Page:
3.9 Advocate in Nonadjudicative Proceedings

A lawyer representing a client before a legislative body or administrative agency in a nonadjudicative proceeding shall disclose that the appearance is in a representative capacity and shall conform to the provisions of Rules 3.3(a) through (c), 3.4(a) through (c), and 3.5, and Rules 4.1 through 4.4. This Rule only applies when a lawyer represents a client in connection with an official hearing or meeting of a governmental agency or a legislative body to which the lawyer or the lawyer?s client is presenting evidence or argument. It does not apply to representation of a client in a negotiation or other bilateral transaction with a governmental agency or in connection with an application for a license or other privilege or the client?s compliance with generally applicable reporting requirements, such as the filing of income-tax returns. Nor does it apply to the representation of a client in connection with an investigation or examination of the client?s affairs conducted by government investigators or examiners.


[1] In representation before bodies acting in a rule-making or policy-making capacity, such as legislatures, municipal councils, and executive and administrative agencies, lawyers present facts, formulate issues and advance argument in the matters under consideration. The decision-making body should be able to rely on the integrity of the submissions made to it. A lawyer appearing before such a body must deal with it honestly and in conformity with applicable rules of procedure. See Rules 3.3(a) through (c), 3.4(a) through (c) and 3.5.

[2] Lawyers have no exclusive right to appear before nonadjudicative bodies, as they do before a court or other adjudicative bodies. The requirements of this Rule therefore may subject lawyers to regulations inapplicable to advocates who are not lawyers. However, legislatures and administrative agencies have a right to expect lawyers to deal with them as they deal with courts.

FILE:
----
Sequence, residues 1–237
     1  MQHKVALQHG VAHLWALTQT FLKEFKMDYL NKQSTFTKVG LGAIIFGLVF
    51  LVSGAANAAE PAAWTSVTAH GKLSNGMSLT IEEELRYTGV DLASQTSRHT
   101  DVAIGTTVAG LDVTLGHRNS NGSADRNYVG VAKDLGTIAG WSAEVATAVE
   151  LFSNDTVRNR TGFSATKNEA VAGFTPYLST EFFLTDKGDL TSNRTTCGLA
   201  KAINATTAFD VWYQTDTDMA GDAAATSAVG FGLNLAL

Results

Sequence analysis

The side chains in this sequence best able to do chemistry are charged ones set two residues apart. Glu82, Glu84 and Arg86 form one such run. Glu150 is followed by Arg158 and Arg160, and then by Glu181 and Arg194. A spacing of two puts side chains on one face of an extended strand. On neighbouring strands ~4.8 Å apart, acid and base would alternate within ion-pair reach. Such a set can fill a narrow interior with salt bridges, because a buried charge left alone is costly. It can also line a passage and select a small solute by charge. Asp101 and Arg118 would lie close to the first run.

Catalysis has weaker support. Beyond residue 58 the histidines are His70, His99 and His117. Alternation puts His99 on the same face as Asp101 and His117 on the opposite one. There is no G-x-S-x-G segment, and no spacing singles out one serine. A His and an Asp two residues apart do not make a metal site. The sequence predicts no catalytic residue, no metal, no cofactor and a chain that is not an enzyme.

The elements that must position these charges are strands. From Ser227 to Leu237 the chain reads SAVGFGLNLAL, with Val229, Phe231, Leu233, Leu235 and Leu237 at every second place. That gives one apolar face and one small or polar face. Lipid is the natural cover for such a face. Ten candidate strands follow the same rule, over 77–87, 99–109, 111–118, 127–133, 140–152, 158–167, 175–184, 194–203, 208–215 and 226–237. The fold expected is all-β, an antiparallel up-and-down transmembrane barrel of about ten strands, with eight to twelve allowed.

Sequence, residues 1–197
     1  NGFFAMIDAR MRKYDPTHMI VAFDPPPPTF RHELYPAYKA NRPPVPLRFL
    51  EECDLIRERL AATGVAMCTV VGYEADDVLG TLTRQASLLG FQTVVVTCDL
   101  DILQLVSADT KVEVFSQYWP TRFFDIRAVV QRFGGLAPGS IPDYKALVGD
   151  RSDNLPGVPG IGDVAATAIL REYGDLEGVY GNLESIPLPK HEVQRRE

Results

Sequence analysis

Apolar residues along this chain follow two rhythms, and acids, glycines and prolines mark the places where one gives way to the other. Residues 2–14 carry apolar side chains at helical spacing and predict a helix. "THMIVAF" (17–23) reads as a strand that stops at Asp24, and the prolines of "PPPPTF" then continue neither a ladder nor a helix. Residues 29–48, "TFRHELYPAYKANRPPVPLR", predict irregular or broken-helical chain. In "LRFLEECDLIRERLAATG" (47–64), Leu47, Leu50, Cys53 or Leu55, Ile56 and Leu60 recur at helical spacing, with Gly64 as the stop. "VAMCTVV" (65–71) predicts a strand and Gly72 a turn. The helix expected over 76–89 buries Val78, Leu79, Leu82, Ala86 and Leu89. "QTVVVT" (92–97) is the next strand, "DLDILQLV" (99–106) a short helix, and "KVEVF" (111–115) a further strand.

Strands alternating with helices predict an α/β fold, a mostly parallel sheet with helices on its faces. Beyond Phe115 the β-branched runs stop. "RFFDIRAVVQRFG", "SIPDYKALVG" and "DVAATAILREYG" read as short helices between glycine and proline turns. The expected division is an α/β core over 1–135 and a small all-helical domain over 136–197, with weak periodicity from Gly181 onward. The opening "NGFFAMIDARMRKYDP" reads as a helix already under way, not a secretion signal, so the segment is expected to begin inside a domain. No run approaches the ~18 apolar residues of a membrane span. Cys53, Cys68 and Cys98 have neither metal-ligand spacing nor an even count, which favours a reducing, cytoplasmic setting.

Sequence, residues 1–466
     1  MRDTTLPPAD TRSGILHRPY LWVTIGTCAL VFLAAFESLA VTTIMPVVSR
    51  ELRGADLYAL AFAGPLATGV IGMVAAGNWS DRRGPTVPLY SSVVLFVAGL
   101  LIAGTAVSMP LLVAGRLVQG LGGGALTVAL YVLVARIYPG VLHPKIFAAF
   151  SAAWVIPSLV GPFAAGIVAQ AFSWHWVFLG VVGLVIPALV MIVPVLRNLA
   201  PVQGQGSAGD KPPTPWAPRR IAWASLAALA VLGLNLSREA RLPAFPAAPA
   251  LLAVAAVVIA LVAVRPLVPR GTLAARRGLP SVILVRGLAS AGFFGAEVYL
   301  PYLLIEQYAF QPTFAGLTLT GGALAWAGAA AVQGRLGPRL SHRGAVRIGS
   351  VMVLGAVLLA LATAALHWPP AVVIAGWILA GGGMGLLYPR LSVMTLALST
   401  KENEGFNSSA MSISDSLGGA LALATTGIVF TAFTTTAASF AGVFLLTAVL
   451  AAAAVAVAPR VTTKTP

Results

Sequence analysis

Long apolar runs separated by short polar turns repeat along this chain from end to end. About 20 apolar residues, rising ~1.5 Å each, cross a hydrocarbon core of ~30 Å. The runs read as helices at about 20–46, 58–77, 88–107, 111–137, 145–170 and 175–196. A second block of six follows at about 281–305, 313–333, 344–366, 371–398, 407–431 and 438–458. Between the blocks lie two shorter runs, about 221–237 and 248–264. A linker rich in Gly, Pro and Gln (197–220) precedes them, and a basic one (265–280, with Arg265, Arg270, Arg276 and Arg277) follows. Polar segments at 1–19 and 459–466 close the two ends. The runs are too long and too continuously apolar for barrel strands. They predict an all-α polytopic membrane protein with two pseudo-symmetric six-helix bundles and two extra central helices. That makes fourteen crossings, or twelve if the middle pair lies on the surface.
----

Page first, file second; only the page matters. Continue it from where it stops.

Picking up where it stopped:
[3] [Reserved]


Model Rule 3.9 (2002), establishing rules governing attorneys who appear before a legislative body or administrative agency in a nonadjudicative proceeding, has no analog under the Maine Bar Rules which do not distinguish between adjudicative and nonadjudicative proceedings. To address the issue of a lawyer?s obligations in representing a client before a legislative or administrative body, Model Rule 3.9 (2002) establishes an additional rule specific to nonadjudicative proceedings.

Model Rule 3.9 (2002) incorporates by reference the requirements found in Model Rules 3.3, 3.4, 3.5, 4.1, 4.2, 4.3 and 4.4 (other than those that are specific to proceedings before a tribunal). The Task Force thought the more specific approach of Model Rule 3.9 enhances both the clarity and enforceability of a lawyer?s obligation in a nonadjudicative context. The Task Force also thought inclusion of the language found in Model Rule 3.9 Comment [3] in the text of the Rule added clarity. Accordingly, the Task Force recommended adoption of Model Rule 3.9 (2002), with the noted addition.